Graphene 'phototransistor' promising for optical technologies

April 12, 2017 by Emil Venere, Purdue University
A graphene field-effect transistor, or GFET, developed at Purdue University could bring high-performance photodetectors for various potential applications. Credit: Purdue University image/Erin Easterling

Researchers have solved a problem hindering development of highly sensitive optical devices made of a material called graphene, an advance that could bring applications from imaging and displays to sensors and high-speed communications.

Graphene is an extremely thin layer of carbon that is promising for optoelectronics, and researchers are trying to develop graphene-based photodetectors, devices that are critical for many technologies. However, typical photodetectors made of graphene have only a small area that is sensitive to light, limiting their performance.

Now, researchers have solved the problem by combining graphene with a comparatively much larger silicon carbide substrate, creating graphene field-effect transistors, or GFETs, which can be activated by light, said Yong Chen, a Purdue University professor of physics and astronomy and electrical and computer engineering, and director of the Purdue Quantum Center.

High-performance photodetectors might be useful for applications including high-speed communications and ultra-sensitive cameras for astrophysics, as well as sensing applications and wearable electronics. Arrays of the graphene-based transistors might bring high-resolution imaging and displays.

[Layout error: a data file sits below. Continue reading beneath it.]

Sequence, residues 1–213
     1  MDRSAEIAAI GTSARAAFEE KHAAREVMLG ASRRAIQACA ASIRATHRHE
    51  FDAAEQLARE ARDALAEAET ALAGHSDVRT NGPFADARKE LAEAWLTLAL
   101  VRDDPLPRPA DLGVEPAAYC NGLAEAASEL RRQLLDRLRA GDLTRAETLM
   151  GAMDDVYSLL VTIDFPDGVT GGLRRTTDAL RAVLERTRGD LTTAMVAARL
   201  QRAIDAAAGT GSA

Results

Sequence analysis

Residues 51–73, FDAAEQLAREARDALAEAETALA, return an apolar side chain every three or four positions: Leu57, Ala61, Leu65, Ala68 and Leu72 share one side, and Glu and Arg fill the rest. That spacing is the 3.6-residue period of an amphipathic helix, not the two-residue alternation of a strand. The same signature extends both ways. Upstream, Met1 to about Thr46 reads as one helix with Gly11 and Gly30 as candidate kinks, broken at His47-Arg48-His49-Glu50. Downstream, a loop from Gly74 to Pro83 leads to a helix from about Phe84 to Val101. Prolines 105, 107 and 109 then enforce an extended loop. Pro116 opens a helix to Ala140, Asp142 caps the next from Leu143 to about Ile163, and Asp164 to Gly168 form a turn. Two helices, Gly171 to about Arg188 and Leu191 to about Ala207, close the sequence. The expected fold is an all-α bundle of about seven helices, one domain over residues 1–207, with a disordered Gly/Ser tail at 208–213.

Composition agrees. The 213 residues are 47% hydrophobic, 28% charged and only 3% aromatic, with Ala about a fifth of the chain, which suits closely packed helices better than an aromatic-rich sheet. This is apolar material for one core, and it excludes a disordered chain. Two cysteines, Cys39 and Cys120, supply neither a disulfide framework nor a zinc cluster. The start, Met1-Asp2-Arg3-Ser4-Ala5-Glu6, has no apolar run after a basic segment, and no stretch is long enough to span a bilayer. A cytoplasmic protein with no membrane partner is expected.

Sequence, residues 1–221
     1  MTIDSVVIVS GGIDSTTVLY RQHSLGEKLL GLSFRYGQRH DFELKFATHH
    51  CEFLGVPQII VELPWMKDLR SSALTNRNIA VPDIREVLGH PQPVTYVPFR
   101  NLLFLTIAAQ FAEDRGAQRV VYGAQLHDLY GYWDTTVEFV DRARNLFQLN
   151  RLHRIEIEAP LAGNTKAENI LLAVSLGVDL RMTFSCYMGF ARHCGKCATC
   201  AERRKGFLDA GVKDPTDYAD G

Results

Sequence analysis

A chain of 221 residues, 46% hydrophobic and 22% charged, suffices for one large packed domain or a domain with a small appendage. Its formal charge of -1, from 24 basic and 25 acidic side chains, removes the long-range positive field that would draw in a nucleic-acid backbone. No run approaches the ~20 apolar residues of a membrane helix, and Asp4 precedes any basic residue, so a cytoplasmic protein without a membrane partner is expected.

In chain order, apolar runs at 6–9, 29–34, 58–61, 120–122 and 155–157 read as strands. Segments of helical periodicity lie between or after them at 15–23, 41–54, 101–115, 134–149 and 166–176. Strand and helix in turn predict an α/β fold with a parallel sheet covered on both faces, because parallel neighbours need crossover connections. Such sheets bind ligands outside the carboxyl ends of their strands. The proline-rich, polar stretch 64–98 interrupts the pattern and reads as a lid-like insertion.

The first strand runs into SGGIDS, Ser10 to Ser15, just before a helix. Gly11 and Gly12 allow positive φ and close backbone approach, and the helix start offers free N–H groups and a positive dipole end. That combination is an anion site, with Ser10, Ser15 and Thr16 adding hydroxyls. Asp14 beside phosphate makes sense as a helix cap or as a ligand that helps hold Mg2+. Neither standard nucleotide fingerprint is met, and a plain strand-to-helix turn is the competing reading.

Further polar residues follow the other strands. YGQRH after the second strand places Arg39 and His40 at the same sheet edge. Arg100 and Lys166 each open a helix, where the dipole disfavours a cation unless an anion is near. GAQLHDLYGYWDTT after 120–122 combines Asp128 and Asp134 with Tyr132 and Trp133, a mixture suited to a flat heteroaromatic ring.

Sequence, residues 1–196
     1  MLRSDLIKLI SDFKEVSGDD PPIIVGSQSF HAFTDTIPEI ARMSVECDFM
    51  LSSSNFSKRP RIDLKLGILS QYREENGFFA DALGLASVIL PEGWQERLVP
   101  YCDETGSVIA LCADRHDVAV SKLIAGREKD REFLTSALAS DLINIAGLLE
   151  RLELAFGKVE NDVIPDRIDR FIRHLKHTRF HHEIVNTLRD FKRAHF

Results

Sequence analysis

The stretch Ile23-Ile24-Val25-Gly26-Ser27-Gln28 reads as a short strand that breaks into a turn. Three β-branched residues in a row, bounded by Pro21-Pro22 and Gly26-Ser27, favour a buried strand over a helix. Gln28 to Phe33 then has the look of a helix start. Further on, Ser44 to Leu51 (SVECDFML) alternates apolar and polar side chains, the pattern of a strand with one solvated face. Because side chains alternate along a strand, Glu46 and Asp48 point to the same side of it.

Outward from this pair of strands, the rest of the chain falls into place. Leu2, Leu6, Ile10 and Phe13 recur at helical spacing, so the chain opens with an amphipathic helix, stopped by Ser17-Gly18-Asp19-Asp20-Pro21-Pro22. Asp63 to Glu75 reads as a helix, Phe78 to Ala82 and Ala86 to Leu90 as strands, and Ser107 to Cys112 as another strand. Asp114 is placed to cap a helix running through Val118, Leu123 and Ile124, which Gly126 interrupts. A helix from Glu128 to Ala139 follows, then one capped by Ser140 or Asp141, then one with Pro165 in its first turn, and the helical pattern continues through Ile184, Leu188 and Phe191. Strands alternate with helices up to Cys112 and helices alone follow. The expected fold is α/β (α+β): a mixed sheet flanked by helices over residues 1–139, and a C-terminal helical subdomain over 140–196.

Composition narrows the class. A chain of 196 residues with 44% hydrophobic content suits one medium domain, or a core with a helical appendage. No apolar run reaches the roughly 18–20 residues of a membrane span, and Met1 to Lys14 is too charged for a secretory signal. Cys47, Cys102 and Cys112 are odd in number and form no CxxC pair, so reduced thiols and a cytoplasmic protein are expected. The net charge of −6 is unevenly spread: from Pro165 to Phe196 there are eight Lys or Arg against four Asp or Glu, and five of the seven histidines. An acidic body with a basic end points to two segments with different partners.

"In most cameras you need lots of pixels," said Igor Jovanovic, a professor of nuclear engineering and radiological sciences at the University of Michigan. "However, our approach could make possible a very sensitive camera where you have relatively few pixels but still have high resolution."

New findings are detailed in a research paper appearing this week in the journal Nature Nanotechnology. The work was performed by researchers at Purdue, the University of Michigan and Pennsylvania State University.

"In typical graphene-based photodetectors demonstrated so far, the photoresponse only comes from specific locations near graphene over an area much smaller than the device size," Jovanovic said. "However, for many optoelectronic device applications, it is desirable to obtain photoresponse and positional sensitivity over a much larger area."

New findings show the device is responsive to light even when the silicon carbide is illuminated at distances far from the graphene. The performance can be increased by as much as 10 times depending on which part of the material is illuminated. The new phototransistor also is "position-sensitive," meaning it can determine the location from which the light is coming, which is important for imaging applications and for detectors.

"This is the first time anyone has demonstrated the use of a small piece of graphene on a large wafer of silicon carbide to achieve non-local photodetection, so the light doesn't have to hit the graphene itself," Chen said. "Here, the light can be incident on a much larger area, almost a millimeter, which has not been done before."